|Birth: ||Sep. 21, 1926|
|Death: ||Feb. 26, 2013|
Clyde "Junior" Coats Jr., of Martin, S.D., 86, died February 26, 2013, in Yankton. He was born September 21, 1926, southwest of Martin on the old Cherry place. His parents were Clyde Robert and Jennie (Cummings) Coats. His grandparents were Milton and Margaret (Livermont) Cummings. Clyde was the fifth of nine children and the youngest of four boys.
Funeral services will be at the American Legion Auditorium, Martin, with Deacon Cal Clifford officiating.
Burial at the Martin Community Cemetery with American Legion Post #240 providing military honors.
Survived by his wife of sixty-five years, Lois J. (Babby) Coats; son, Dr. Gary L. Coats and his wife, Dr. Rachelle Sutton-Coats; daughter, Dr. Gloria J. Coats-Kitsopoulos and her husband, Terry Beardt. He is also survived by all five of his grandchildren, Travis Coats and wife, Lia, John O. Kitsopoulos and wife, Michelle, Kathleen Lois Kitsopoulos, Jared Coats and Cassandra Leigh Coats. Clyde is also survived by his sisters, Eileen Mikesell, Hazel O'Bryan and her husband, Dean, Fern Boomer and her husband, Cleon, and Opal Smith and many, many nephews and nieces.
Clyde was preceded in death by his parents, Clyde and Jennie Coats; brothers, Robert, Darwin and George Coats; and sister, Vera Huddleston Olsen.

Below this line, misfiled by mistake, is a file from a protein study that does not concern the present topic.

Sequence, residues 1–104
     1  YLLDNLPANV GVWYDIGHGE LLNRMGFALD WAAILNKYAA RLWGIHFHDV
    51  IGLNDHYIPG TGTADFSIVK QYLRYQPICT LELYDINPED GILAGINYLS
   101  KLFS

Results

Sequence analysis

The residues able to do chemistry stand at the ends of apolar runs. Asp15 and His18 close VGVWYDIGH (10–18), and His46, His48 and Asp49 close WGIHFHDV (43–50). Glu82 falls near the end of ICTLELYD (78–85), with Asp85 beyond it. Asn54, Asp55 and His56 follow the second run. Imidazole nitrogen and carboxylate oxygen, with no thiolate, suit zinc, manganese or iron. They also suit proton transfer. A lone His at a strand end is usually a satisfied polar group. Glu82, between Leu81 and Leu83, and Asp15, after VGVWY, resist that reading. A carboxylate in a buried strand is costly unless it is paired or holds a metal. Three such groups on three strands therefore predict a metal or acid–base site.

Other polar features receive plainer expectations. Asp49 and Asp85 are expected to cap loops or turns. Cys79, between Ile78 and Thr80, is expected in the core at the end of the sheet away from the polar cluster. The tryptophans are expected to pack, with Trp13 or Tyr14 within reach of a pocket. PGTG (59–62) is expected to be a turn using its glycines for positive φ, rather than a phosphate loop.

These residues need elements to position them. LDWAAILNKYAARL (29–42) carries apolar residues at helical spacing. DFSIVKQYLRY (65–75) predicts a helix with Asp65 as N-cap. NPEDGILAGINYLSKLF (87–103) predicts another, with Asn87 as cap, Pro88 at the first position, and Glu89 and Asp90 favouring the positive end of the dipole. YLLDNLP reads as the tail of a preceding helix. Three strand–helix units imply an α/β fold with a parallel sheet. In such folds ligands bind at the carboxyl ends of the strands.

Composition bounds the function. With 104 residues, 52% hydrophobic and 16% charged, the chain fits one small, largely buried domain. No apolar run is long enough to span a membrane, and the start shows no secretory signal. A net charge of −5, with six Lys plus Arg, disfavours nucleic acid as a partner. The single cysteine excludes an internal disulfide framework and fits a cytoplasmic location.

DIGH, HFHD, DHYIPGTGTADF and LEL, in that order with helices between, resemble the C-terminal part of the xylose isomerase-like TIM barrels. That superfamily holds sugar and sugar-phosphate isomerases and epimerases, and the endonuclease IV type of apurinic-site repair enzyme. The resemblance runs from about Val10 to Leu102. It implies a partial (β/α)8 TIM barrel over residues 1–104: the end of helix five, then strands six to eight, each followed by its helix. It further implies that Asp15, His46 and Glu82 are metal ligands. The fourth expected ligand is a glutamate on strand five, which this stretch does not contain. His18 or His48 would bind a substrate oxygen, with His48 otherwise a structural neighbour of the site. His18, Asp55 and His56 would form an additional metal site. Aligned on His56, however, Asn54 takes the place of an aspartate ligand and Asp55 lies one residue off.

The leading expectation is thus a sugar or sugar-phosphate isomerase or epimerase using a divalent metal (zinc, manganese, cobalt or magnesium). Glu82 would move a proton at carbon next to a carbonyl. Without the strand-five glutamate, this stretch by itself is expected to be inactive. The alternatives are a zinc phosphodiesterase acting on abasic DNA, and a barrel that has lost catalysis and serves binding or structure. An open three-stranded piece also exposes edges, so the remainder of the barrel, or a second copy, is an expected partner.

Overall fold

When World War II began, the Coats family moved to Kansas where Clyde's father worked on the air bases that were being built. Clyde left the family in 1943 at the age of 17 and moved to Bremerton, Wash., where his sister, Vera lived, and went to work in the shipyards. In 1944, he joined the Navy, and due to his background in the construction field, he was transferred to the Seabees. He was only 18 when he was sent to build an airstrip on Okinawa, and his ship was struck by a Japanese Kamikaze plane. He received minor injuries, but suffered in later life to the haunting flashbacks due to the fierce hand to hand combat on the island of Okinawa. He was being shipped home and was on the ship in the bay right off the island when the A-bomb was dropped on Hiroshima. Clyde could see the mushroom cloud in the distance.
Martin Community Cemetery
South Dakota, USA
Created by: Annon
Record added: Mar 07, 2013
Find A Grave Memorial# 106336081
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